Although many marine energy technologies are presently being developed, only a small number of devices have generated electricity from the marine environment. From such a small experience base it is difficult to independently assess the economic feasibility of alternative technologies for large-scale electricity generation. With a few notable exceptions, much of the published work on marine energy costing concerns relatively small deployments (up to around 100MW rated capacity) with a strong emphasis on costing the components of individual marine energy conversion devices. A review indicates that there is considerable variation of unit electricity cost estimates even for similar technologies. In part, this can be attributed to different end-user applications and input assumptions. Comparison between individual marine energy technologies is therefore not straightforward, particularly for non-technical groups such as potential investors or policy makers concerned with future electricity generation scenarios.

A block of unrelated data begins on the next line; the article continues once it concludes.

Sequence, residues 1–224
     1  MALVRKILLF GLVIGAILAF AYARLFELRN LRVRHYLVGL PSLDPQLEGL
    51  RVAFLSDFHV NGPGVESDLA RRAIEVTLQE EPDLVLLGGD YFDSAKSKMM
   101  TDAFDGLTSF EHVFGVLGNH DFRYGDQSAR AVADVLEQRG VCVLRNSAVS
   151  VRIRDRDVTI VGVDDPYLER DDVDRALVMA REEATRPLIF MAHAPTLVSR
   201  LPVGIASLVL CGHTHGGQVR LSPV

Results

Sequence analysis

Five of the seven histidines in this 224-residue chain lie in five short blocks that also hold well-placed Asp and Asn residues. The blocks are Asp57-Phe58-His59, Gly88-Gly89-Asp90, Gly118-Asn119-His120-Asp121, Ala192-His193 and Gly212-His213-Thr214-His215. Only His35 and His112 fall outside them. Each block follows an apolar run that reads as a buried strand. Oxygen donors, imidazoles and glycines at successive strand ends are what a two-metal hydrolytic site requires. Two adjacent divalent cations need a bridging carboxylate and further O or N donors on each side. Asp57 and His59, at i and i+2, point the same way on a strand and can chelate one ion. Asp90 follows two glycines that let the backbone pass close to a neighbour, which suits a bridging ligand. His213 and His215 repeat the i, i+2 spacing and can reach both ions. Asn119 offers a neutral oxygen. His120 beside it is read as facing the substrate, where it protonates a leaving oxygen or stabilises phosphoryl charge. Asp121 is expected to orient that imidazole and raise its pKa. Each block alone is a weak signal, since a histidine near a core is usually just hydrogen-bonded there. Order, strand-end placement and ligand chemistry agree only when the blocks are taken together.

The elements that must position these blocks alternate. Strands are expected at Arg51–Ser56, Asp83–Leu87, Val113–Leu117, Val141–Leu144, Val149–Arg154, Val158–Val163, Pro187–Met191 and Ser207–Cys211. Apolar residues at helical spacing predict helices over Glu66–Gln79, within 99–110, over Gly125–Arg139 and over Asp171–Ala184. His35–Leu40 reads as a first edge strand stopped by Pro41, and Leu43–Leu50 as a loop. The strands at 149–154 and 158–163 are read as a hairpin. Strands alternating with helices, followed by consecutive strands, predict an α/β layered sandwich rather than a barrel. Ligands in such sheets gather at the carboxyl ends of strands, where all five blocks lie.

Informed by consultation with stakeholders and the 22 partners of the EU FP7 EQUIMAR project, we present a summary of alternative approaches used to evaluate the economic viability of a marine energy scheme. For several technology types, the main factors affecting the capital cost, operating cost and revenue associated with a commercial scale marine energy project are identified. To aid identification of high-risk cost areas, indicative quantities are assigned to the uncertainty and scale-dependence associated with several key inputs. This provides a framework for equitable assessment of diverse technologies.